Winter weather can wreck havoc on area roadways - from the snow and ice, plowing, to sand and salt.
However, one local department of public works is using science to save money in their battle against Mother Nature.
Each winter, school kids hope for the winter weather that motorists dread.
"Cold, ice, everything else...it's just a pain in the rear," said Nelson Pinette of Springfield.
"I hate it, it's awful, it's really scary for me, especially the sliding," added Dalton Ashwell of Agawam.
We've only had about 12 inches of snow this year, but it was enough to cause some major headaches on the roads.
After years of using dry salt to stay ahead of the snow, Holyoke Department of Public Works Superintendent Bill Fuqua wanted to improve their methods.
"We'd go out on a dry road before a storm, put the dry salt down in anticipation of that storm, 70 percent of the material blows off the road," Fuqua explained.
The city now uses a simple and effective way to take care of their roads before the snow arrives.
"We've been using a salt brine solution as pre-treatment on our roads for the last three to four years, moreso in the last year," Fuqua said.
By having the pre-treatment on the roads, the clean up during and after a storm is much faster than if they just used plain rock salt.
"You're probably looking at ten times the amount in material and effort to melt the snow from the top down. When the snow and ice hit the road, it doesn't form a bond to the pavement and create an icy build up that's difficult for motorists to drive on and difficult to clean up," Fuqua added.
Crews make their own salt-brine solution on-site - 1,000 gallons at a time.
"We dump a bunch of salt with a couple bars underneath that the water comes out of and rises through and we just circulate it around and it makes salt water," Fuqua said.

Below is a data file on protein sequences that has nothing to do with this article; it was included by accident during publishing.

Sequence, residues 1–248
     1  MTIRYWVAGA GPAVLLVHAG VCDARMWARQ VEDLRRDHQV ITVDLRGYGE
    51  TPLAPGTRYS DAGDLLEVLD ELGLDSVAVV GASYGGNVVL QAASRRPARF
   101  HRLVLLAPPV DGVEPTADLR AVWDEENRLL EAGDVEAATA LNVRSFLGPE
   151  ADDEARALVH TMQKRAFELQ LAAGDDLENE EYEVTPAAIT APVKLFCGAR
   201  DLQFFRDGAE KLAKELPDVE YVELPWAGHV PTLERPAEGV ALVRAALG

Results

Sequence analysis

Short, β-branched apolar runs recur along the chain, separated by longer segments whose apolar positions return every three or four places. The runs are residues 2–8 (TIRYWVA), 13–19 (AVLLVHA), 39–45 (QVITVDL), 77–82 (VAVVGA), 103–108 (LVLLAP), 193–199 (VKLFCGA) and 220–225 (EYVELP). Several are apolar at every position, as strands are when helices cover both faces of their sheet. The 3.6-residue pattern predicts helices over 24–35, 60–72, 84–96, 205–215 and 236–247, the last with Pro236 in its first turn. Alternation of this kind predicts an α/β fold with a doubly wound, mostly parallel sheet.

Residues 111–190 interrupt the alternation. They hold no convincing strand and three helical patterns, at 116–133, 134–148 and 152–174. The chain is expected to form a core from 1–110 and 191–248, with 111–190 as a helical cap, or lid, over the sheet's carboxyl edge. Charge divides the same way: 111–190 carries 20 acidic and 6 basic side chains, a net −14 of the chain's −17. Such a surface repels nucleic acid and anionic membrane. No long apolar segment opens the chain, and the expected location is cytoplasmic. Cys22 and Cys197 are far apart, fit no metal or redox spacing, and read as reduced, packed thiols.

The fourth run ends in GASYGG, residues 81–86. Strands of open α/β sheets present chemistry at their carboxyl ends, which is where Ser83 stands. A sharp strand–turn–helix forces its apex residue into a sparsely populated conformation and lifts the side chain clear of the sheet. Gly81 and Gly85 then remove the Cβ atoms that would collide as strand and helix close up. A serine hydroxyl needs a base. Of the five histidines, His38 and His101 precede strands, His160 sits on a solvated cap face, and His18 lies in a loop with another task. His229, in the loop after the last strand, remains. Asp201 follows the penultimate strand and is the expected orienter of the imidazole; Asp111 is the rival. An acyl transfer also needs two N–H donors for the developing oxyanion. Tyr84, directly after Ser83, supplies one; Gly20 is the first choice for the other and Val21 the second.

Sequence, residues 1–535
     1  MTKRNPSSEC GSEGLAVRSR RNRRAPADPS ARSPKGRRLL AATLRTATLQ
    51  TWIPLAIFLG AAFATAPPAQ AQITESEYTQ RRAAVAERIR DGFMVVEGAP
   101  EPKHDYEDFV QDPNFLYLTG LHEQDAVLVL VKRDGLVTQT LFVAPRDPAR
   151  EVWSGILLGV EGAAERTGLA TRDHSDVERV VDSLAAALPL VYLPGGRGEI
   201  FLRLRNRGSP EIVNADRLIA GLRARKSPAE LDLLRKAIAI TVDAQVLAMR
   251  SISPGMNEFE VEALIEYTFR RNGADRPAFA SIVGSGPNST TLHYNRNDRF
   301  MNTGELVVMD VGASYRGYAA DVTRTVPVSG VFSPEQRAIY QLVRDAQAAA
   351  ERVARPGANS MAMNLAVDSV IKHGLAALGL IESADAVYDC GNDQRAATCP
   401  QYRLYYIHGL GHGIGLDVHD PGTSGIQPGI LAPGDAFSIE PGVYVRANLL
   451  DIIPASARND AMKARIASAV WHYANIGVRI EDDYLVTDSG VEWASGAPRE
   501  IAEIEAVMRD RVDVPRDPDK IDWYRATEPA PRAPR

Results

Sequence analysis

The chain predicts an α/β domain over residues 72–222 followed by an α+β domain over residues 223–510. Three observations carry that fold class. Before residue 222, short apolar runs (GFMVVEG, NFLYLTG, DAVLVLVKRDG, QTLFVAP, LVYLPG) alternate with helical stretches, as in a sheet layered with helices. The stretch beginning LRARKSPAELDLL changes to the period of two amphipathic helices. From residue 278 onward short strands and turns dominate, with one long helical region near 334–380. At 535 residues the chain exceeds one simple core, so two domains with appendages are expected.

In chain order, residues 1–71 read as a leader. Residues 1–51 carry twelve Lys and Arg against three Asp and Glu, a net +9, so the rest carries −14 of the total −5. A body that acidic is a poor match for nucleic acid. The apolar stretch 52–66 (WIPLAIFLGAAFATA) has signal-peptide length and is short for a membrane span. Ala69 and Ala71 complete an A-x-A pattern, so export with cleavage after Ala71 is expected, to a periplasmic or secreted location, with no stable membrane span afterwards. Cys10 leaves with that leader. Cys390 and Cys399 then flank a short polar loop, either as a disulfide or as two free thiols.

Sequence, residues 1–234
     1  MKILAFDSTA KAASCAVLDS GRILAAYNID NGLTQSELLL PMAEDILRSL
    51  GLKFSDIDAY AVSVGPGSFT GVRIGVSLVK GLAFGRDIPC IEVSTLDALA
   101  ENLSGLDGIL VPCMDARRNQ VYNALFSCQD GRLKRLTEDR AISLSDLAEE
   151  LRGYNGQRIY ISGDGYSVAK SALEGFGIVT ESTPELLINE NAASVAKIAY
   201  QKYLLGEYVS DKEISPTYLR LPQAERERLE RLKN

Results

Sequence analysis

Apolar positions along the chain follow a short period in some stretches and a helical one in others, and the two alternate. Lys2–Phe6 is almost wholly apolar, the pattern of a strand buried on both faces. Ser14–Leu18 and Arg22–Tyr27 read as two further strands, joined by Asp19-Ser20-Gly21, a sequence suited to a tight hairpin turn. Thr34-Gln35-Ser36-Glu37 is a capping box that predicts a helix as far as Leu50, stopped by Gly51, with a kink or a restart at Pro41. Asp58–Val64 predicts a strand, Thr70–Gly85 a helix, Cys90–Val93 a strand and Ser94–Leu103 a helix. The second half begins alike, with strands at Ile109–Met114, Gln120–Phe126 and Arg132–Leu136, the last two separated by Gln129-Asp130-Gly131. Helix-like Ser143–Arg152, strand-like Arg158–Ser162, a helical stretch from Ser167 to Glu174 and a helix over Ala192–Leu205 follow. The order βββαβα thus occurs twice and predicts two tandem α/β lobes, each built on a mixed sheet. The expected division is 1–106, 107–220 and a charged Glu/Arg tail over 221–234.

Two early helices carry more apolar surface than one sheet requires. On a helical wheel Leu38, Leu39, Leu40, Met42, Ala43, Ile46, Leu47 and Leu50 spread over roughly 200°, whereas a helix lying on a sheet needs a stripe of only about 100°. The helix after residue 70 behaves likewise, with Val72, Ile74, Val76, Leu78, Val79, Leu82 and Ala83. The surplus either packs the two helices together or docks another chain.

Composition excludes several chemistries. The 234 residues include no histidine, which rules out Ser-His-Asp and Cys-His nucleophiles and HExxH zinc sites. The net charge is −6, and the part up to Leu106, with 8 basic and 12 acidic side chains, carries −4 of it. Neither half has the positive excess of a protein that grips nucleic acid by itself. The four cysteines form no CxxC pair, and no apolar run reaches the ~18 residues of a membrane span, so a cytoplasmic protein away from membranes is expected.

Depending on the content of salt in the solution, the freezing point can be lowered to just two degrees Fahrenheit. The normal freezing point of water is 32 degrees.
"By keeping it in a liquid state, it allows us to clear it away, plow it off the road, melt it, and have it go to the drains versus have it form a slippery ice surface that's hard to drive on or walk on," Fuqua explained.
The science behind salt-brine's effectiveness is rooted in chemistry, something Fuqua knows all about. He graduated with a degree in chemistry.
"We've also started experimenting this year with a magnesium chloride solution that's more environmentally friendly. We're using that on a couple areas, couple of streets that require some sensitivity for nearby wetlands," Fuqua added.
There is only truck in the Holyoke DPW fleet that does the pre-treatment and its value can't simply be measured in dollars and cents.
"By pre-treating some of the major roads, it gives them a lot of cushion to respond to the unexpected that occurs sometimes at the start of an operation," Fuqua noted.
Time and money are just a few of the benefits to Holyoke's pre-treatment solution. Even with the improved efficiency, Fuqua isn't touching his rainy day funds.
"Years past, we have had a quiet January and snowy February, so I'm not counting my savings just yet. Every day, we are one day closer to April," Fuqua added.
You can create your own chemical solution to defrost your car's windows. All you'll need is a spray bottle, some water, and isopropyl alcohol.
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